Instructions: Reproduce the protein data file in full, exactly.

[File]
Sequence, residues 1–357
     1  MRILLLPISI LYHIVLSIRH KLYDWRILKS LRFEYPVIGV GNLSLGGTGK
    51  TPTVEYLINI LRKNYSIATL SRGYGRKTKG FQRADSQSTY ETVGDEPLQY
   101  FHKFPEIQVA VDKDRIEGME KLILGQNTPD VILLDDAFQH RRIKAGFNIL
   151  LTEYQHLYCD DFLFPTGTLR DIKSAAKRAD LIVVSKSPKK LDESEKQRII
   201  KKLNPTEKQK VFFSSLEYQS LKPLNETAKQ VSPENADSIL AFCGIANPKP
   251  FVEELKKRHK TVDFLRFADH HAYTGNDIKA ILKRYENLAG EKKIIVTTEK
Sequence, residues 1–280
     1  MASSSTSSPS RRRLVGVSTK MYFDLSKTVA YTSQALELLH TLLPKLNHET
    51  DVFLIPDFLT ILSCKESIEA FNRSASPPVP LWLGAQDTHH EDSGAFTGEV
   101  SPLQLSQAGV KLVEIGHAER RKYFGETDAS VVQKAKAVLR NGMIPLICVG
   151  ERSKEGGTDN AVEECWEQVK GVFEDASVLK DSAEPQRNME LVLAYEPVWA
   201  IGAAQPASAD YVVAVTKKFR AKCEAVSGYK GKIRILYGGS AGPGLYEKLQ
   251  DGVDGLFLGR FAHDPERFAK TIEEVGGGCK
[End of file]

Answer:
Sequence, residues 1–357
     1  MRILLLPISI LYHIVLSIRH KLYDWRILKS LRFEYPVIGV GNLSLGGTGK
    51  TPTVEYLINI LRKNYSIATL SRGYGRKTKG FQRADSQSTY ETVGDEPLQY
   101  FHKFPEIQVA VDKDRIEGME KLILGQNTPD VILLDDAFQH RRIKAGFNIL
   151  LTEYQHLYCD DFLFPTGTLR DIKSAAKRAD LIVVSKSPKK LDESEKQRII
   201  KKLNPTEKQK VFFSSLEYQS LKPLNETAKQ VSPENADSIL AFCGIANPKP
   251  FVEELKKRHK TVDFLRFADH HAYTGNDIKA ILKRYENLAG EKKIIVTTEK
Sequence, residues 1–280
     1  MASSSTSSPS RRRLVGVSTK MYFDLSKTVA YTSQALELLH TLLPKLNHET
    51  DVFLIPDFLT ILSCKESIEA FNRSASPPVP LWLGAQDTHH EDSGAFTGEV
   101  SPLQLSQAGV KLVEIGHAER RKYFGETDAS VVQKAKAVLR NGMIPLICVG
   151  ERSKEGGTDN AVEECWEQVK GVFEDASVLK DSAEPQRNME LVLAYEPVWA
   201  IGAAQPASAD YVVAVTKKFR AKCEAVSGYK GKIRILYGGS AGPGLYEKLQ
   251  DGVDGLFLGR FAHDPERFAK TIEEVGGGCK